Welcome to my third installment of On the Road in Inner Mongolia, in which I give you a glimpse at life on Inner Mongolia’s Xilamuren Grasslands. After an action-packed day in Baotou and the Kubuqi Desert, Shirley and I traveled with our group to experience nomad culture in the grasslands.
Spending time in Baotou the day before had opened my eyes about industry and modernization in Inner Mongolia. Although I am well aware, from living in Beijing, that China’s development in recent years has been remarkably rapid, it is another thing to see it in action in other parts of the country on a day-to-day basis. Baotou was essentially a large construction site, as many second- and third-tier Chinese cities currently are. I could see its the growing pains as it tries to catch up with Beijing, Shanghai, and other Chinese supercities. Almost every block featured a construction project in progress.
Xilamuren was a eye-opening departure from the urban industrial feel of Baotou. Driving to the grasslands, I could clearly track the transition from urban hub to nomadic territory. Construction sites gradually melted out of the landscape; city centers distilled into smaller roadside strip malls; and eventually, all that was left along the road was grass and sky. As one might expect, the air was much clearer as we neared the grasslands. The gray, sunless haze that so often characterizes Chinese metropolitan centers was absent, with large clouds and soft sunlight in its place.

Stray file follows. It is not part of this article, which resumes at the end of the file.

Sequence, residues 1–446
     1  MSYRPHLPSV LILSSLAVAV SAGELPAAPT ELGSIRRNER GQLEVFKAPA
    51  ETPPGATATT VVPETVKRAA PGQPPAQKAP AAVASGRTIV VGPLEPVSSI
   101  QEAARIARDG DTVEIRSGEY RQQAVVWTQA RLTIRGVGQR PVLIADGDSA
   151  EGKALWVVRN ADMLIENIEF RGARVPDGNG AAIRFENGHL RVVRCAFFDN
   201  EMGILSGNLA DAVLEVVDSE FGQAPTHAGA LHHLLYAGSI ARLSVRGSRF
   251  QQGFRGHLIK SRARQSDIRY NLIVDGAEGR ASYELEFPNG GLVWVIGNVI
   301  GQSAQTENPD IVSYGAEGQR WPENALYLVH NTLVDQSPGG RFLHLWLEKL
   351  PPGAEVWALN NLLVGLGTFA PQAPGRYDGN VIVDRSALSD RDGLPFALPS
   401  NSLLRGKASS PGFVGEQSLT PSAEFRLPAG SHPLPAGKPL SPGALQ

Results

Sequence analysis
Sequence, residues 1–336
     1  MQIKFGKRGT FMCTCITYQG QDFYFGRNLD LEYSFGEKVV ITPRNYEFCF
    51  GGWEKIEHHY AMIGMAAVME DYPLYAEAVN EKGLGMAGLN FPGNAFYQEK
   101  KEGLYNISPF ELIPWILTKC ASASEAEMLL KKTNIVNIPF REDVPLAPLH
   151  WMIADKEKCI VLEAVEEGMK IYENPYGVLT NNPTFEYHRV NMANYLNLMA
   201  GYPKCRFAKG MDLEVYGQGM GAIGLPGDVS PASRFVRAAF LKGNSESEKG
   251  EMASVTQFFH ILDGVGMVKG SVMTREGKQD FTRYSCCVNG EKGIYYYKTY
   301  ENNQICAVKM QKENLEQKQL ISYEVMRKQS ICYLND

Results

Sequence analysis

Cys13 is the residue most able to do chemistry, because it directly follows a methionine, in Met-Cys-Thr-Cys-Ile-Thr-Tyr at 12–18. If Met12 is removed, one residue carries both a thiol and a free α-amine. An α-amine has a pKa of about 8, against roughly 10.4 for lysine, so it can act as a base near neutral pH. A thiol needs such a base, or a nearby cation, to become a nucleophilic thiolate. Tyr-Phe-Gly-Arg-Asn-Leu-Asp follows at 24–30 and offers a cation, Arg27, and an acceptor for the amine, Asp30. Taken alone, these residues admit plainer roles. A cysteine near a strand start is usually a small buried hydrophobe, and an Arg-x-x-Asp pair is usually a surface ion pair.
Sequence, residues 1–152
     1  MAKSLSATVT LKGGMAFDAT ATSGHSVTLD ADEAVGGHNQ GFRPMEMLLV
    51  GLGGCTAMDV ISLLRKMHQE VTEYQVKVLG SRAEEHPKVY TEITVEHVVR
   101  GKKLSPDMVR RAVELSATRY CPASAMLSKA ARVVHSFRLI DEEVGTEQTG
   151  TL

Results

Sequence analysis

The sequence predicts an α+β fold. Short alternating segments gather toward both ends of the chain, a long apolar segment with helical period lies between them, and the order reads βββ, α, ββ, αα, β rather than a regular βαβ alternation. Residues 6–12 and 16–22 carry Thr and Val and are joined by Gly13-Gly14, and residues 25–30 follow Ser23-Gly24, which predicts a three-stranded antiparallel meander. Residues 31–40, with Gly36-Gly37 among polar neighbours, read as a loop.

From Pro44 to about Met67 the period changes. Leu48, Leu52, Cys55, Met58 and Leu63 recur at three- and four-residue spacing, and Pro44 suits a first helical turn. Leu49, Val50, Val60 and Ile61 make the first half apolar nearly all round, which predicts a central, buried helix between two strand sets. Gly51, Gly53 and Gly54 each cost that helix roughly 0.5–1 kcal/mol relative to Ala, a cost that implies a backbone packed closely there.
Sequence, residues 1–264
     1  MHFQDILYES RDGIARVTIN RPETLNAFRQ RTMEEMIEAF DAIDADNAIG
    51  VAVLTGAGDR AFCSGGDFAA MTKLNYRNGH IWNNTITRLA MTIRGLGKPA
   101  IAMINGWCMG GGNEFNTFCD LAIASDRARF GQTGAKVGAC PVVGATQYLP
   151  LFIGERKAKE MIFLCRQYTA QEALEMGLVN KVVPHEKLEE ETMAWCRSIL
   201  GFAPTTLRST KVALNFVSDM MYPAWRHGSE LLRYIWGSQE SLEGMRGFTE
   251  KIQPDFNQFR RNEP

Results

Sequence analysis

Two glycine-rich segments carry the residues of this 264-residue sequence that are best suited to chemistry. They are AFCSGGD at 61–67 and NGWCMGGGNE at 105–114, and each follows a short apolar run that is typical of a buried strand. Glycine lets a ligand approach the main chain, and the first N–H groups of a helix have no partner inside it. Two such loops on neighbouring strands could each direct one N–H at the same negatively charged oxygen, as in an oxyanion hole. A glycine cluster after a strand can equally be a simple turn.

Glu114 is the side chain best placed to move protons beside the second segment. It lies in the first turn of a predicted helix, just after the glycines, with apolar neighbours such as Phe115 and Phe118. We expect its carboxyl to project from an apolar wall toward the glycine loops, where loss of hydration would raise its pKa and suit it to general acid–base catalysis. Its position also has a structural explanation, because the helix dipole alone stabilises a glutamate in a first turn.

As we neared our destination for the day – a yurt community in which we would stay the night – pockets of nomadic communities began to pop up on the flat, green landscape. Some big, some small, these communities were all characterized by white and blue yurts – small dome-shaped structures that are typical of nomadic tribes in the area. After taking a few dirt roads to a more remote part of these grasslands, we finally reached our yurt community. Mongolian flags waved in the breeze over a wood-framed entrance.
Walking into the community, we were greeted by nomads dressed in traditional Mongolian costume (similar to that of the Mongolian dancers we had met the day before). Two lines of singing nomads ushered us in one by one. For the adults in the group, they offered a small cup of local Mongolian alcohol. Before drinking it, one had to first dip his or her ring finger into the alcohol three times: once, to flick it to the sky; another, to flick it to the ground; and finally, to touch the forehead. After this, the guest could finally drink the alcohol.
Once we had all been formally greeted, we set out to an empty space of land where we learned to construct yurts.
Stay tuned for more of my stories from Inner Mongolia on the WildChina blog.